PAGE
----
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Remove “Your computer is low on memory” popup virus on Mac


Explore the malicious facet of “Your computer is low on memory” Mac popup alert and make sure it isn’t displayed by a virus as part of its dodgy tactic.

Update: October 2020

Threat Profile
Name “Your computer is low on memory” Mac popup virus
Category Mac adware, scareware, PUA
Related Domains searchbaron.com, searchmarquis.com, mybrowser-search.com, searchnewworld.com, searchitnow.info, searchsnow.com, hut.brdtxhea.xyz, api.lisumanagerine.club
Symptoms Displays fake system alerts, redirects web browser to phony search engines, installs malware, causes system slowdown
Distribution Techniques Fake Adobe Flash Player update popups, booby-trapped app bundles
Severity Level Medium
Damage Unwanted changes of browser preferences, privacy issues due to Internet activity tracking, web search redirects, annoying ads
Removal Scan your Mac with Combo Cleaner to detect all files related to the browser hijacker. Use the tool to remove the infection if found.

When it comes to electronic devices in general and computers in particular, one of the inescapable things is that they become obsolete over time. Macs aren’t on the sidelines of this “aging” phenomenon. Whereas the operating system and third-party software get updated down the road, hardware doesn’t. Ultimately, it means the machine will become incapable of smoothly handling increasingly resource-heavy apps at some point. In this scenario, the user’s options aren’t very plentiful and usually come down to a memory upgrade or a replacement of the MacBook or desktop computer with a new model powerful enough to support modern programs, including memory hogs such as graphics editing tools. But what if iterative alerts that go, “Your computer is low on memory” are appearing on a Mac equipped with resources in excess of what’s required to process all current workflows? This could be a way Mac malware signals its presence.

Your computer is low on memory’ scam alert

In fact, popup alerts stating that a Mac is running out of available memory have been a telltale sign of adware and scareware activity for quite some time. Also referred to as potentially unwanted applications (PUAs), these culprits litter around the host system by displaying different kinds of sponsored information and misleading popup dialogs. The objective of generating ads in the victim’s web browser is to rake in profits through pay-per-click and other commission-based marketing methods. That being said, low RAM isn’t necessarily the root cause for these warning messages to pop up. There can be malware-related implications that should be vetted before taking further action.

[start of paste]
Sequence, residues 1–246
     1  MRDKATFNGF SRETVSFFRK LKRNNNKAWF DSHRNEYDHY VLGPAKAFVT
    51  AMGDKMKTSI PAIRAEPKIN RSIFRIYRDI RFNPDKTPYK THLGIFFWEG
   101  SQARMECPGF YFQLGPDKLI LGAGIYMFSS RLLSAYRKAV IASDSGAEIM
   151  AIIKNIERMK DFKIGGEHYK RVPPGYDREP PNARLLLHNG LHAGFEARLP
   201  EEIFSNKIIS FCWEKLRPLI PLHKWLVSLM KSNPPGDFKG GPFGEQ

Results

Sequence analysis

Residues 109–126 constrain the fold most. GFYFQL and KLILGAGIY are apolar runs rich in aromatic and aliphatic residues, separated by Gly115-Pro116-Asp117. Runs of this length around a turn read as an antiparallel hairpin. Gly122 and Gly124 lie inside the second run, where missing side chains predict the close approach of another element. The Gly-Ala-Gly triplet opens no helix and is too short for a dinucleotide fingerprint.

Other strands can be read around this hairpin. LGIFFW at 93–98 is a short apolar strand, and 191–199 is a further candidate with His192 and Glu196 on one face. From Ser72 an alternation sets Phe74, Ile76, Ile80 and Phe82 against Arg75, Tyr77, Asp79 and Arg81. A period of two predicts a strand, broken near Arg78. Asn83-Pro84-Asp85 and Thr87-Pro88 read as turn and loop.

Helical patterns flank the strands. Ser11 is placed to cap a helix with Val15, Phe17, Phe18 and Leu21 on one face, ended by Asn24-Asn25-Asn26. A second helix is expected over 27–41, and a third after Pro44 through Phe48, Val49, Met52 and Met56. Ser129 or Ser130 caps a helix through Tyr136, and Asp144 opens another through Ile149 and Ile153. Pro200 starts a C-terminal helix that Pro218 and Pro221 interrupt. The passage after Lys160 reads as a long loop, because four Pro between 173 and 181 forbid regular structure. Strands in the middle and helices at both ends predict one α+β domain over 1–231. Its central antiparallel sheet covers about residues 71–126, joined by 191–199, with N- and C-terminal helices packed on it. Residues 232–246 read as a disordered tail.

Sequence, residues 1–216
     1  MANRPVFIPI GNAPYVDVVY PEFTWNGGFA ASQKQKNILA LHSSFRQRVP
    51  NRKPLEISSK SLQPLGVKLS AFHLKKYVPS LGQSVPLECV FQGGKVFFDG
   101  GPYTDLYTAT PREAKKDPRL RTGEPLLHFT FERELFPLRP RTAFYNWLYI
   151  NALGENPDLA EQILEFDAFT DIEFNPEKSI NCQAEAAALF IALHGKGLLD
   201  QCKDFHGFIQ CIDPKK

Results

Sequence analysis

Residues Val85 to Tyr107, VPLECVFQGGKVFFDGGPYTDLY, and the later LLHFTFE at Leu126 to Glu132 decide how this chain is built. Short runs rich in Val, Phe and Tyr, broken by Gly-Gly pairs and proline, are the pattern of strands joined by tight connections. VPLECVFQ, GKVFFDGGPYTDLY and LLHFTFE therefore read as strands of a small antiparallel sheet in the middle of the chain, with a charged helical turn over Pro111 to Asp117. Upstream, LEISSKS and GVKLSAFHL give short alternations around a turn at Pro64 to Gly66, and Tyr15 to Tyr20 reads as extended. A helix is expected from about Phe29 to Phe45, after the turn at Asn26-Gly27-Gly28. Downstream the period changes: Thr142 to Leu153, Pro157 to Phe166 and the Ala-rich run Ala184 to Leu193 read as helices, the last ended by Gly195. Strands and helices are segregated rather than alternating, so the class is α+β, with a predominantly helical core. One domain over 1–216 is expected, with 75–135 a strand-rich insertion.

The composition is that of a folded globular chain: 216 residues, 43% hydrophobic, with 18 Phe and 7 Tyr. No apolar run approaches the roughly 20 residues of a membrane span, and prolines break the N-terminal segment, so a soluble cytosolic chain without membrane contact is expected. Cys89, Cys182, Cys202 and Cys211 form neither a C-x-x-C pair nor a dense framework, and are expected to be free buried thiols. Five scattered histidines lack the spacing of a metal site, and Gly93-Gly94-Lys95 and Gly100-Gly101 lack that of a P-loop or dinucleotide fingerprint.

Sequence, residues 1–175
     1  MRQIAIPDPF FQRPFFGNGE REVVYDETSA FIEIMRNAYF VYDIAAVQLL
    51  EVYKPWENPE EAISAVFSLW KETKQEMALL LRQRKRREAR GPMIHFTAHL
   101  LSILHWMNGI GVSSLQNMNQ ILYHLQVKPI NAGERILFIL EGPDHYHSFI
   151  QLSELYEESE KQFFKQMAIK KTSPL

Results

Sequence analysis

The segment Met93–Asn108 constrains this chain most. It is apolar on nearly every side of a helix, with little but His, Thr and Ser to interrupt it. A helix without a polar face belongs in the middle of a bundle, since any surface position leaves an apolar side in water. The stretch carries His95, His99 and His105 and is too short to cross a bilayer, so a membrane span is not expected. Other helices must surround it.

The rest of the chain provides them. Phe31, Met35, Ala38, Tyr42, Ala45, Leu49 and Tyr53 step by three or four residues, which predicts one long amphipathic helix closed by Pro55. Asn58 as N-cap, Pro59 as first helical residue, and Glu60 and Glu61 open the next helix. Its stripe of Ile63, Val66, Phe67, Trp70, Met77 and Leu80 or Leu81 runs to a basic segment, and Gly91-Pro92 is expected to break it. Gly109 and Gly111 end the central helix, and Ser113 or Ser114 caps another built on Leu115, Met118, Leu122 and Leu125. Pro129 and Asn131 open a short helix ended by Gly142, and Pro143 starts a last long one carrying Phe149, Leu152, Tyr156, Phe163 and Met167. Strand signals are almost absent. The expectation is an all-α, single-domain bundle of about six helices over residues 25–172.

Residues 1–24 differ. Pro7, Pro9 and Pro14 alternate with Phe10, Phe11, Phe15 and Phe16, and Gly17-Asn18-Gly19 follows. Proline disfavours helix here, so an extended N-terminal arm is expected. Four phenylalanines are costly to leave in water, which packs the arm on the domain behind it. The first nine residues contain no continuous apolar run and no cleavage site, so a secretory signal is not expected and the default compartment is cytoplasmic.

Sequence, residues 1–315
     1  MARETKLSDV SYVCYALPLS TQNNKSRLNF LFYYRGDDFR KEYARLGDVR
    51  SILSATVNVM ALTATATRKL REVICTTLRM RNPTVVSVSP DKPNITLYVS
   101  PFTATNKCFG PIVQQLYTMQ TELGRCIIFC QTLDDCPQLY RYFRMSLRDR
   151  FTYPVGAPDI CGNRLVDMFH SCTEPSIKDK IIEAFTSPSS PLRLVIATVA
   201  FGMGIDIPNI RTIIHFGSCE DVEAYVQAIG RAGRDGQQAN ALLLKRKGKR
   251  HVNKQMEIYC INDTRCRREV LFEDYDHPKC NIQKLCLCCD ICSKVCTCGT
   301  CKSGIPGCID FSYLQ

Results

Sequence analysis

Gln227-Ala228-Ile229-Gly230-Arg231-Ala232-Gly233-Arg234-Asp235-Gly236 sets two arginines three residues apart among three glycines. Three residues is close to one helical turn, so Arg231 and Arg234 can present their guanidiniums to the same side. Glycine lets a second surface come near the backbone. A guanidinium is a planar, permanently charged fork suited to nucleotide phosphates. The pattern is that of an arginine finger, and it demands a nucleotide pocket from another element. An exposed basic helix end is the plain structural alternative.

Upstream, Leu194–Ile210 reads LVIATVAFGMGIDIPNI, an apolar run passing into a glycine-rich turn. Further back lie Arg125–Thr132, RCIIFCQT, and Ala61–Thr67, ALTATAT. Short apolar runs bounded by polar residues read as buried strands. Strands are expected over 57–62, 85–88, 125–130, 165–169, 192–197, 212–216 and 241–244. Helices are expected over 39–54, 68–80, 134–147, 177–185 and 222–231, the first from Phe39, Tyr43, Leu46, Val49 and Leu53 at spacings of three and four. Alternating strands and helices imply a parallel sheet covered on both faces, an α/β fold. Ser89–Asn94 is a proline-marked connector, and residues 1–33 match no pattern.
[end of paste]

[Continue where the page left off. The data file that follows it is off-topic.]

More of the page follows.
Adware as a source of fake low memory alerts

Meanwhile, the cybercriminals’ motivation behind showing fake system maintenance warnings may appear vague at first sight. It gets clearer once a few extra characteristics of mainstream rogue optimization software and adware are taken into consideration. One of them revolves around cross-promotion of associated threats, where the unsuspecting victim is duped into agreeing to the shady installation by clicking a button cloaked as something else. The only button the user can push on the spoof alert under scrutiny says “Close”, but it may actually invoke arbitrary commands such as to pull in another PUA behind the scenes.

Adware programs that are known to trigger “Your computer is low on memory” Mac notifications include the following strains:

  • Spaces.app;
  • ScreenSaver.app;
  • ScreenCapture.app;
  • BeAware.

The spoofed memory alert can also be a telltale sign of a notorious browser hijack featuring the searchbaron.com or searchmarquis.com URL as an in-between entity in the redirect loop. In this scenario, all search queries entered in the web browser return bing.com although it’s not the default service specified by the user. This is a complex, revenue-driven traffic reorganization attack using a legitimate search provider to smokescreen the malicious activity.

Mac scareware follows suit

Fake maintenance software is one more form of malicious code that leverages the low memory scare on Macs. It does so to draw the victim’s attention to the supposedly unsatisfactory performance of the host computer. Aside from the unnerving “Your computer is low on memory” message, the popup additionally says, “To free up some memory, please close a few applications”. The average Mac user’s natural response to such a dialog is to take a look at the current CPU and memory consumption to see what’s eating up the bulk of it. Strangely enough, though, there is nothing out of the ordinary shown in the Activity Monitor and the memory usage doesn’t appear to exceed any reasonable thresholds.